About Tia Rescue

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Home to up to 100 Greyhounds

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A great day out for the family

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Established by Deb in 1996

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Grey hound welfare remains a massive problem

Dogs arrive at Tia from all sources. Some direct from the trainers, others via a not so scenic route. One just walked up the drive, having been tipped out of a car. Dog wardens, vets, concerned public, an army of good folk all play a part. The phone never stops.

All get the same welcome and are given the once over upon arrival. A bath to get rid of any fleas, vet treatment if necessary, a good dinner and a soft bed. A note is made of their earmarks and microchip details taken. Before lights out, Deb makes the rounds alone checking everyone and passing around the sausages. For the newbies, it has been a hell of a day.

The day begins at 7.30 with breakfast, closely followed by the arrival of the kennel staff. Our fantastic volunteers may take them for a stroll around our orchard where they might come across a shire or a sheep or perhaps it will be a race around the run with their new kennel mate. For some it will be the first time they have felt grass under their feet or peed on a tree.. Then it’s back to their newly washed pen for another snooze.

The kennel block closes for the day at three o’clock sharp and their lunch is served followed by more sleep. Supporters and adopters mix with accountants, trainers and a biker desperate for a full English in our cafe. You never know who or what will turn up. A big round haybale, donated by a local school, or someone picking up a sofa or half a a dozen eggs from the girls. Our vets might arrive to work upstairs in our treatment room or perhaps the farrier pops in to trim Albies feet. Behind the scenes, admin staff may be dispatching stock to our many charity shops or identifying the new arrival, or perhaps doing the wages whilst sampling one of the new cakes. A photographer snaps away at a dog which needs a push and another dove goes missing courtesy of the buzzard. No day is the same.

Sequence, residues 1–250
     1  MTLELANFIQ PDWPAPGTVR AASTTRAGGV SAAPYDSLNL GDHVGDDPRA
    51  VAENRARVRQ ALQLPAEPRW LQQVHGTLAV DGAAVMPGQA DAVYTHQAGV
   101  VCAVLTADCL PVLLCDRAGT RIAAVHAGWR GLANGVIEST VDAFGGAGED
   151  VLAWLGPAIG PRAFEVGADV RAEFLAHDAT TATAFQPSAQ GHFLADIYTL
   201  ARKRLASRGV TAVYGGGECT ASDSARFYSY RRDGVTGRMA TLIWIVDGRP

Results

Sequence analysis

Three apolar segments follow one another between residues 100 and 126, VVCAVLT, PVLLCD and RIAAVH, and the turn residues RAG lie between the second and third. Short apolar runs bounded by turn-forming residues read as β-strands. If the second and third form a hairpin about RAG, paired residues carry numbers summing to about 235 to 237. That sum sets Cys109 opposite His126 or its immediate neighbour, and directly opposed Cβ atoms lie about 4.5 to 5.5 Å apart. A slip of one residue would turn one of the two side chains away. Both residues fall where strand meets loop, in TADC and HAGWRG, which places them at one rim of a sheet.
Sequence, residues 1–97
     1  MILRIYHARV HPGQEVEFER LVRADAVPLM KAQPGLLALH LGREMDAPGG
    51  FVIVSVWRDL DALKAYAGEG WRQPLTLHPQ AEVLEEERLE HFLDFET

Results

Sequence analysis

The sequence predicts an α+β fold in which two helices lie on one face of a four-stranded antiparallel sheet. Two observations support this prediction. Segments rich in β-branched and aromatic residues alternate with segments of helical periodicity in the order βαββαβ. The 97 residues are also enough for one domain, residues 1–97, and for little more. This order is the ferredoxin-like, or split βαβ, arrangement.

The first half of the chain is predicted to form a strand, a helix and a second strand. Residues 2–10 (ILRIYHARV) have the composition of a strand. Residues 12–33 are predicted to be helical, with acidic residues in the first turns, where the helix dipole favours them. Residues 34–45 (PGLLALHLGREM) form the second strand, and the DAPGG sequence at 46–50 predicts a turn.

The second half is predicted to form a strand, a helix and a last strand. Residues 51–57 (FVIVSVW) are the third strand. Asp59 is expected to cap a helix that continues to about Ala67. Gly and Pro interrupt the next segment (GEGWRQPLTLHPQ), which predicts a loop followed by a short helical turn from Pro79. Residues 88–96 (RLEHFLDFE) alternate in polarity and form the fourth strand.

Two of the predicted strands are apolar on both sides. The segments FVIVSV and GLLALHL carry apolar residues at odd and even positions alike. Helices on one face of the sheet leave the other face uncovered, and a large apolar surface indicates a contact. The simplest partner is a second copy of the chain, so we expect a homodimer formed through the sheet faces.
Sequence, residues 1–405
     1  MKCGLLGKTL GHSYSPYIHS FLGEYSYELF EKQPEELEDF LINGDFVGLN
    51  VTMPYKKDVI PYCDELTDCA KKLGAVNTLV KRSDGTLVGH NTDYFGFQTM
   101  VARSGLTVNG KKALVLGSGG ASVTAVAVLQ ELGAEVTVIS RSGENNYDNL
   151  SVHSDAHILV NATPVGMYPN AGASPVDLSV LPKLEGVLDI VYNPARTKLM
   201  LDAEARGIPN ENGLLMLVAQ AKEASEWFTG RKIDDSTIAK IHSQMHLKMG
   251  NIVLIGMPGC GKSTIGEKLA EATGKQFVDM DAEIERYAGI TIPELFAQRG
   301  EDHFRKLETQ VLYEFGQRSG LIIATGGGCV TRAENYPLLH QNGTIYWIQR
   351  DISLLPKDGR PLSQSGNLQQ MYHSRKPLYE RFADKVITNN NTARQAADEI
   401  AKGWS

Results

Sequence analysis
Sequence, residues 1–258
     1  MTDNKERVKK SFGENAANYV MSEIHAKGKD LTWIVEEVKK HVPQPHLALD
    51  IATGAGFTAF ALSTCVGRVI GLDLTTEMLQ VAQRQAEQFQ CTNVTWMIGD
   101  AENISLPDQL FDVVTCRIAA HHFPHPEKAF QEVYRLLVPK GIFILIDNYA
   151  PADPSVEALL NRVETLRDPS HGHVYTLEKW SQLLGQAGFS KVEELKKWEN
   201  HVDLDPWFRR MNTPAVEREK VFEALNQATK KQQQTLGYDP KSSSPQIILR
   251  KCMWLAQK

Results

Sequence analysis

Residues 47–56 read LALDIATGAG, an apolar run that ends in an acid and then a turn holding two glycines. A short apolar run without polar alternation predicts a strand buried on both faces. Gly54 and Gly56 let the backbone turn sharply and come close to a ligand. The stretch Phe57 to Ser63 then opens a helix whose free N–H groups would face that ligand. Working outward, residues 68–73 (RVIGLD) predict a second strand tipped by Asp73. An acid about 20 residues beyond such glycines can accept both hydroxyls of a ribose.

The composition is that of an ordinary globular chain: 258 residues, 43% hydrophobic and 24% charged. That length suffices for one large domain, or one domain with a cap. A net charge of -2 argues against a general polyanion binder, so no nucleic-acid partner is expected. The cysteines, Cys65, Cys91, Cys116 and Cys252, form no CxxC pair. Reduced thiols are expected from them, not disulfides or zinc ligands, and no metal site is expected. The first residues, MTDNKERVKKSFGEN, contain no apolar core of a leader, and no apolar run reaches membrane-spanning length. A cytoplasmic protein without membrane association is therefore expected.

The security team Millie and Chester (mastiffsRus) have their sabbatical stroll once the visitors have left. At eight stone a piece, meeting them on a dark night is not an option. They were bequeathed to us three years ago and have watched over us ever since. Seventy acres shudder when they turn over in bed or the shires decide to have a race. Sylvia, our ancient shetland pony who turned up in the back of a pick up, keeps the donkeys in line. Dandy and Beano watch with interest, standing shoulder to shoulder with the goats. We never see the great crested newts but the wildlife officer tells us they are there.

We can house 80 dogs at any one time, mainly greyhounds however the odd lurcher will sneak under the wire. At any time our whiteboard will list another 30 greyhounds waiting for a space. A good twenty of our greyhounds will never leave our care and are supported through our sponsor scheme. Nervous wrecks, severely injured or just plain barking, all have a home here in safety.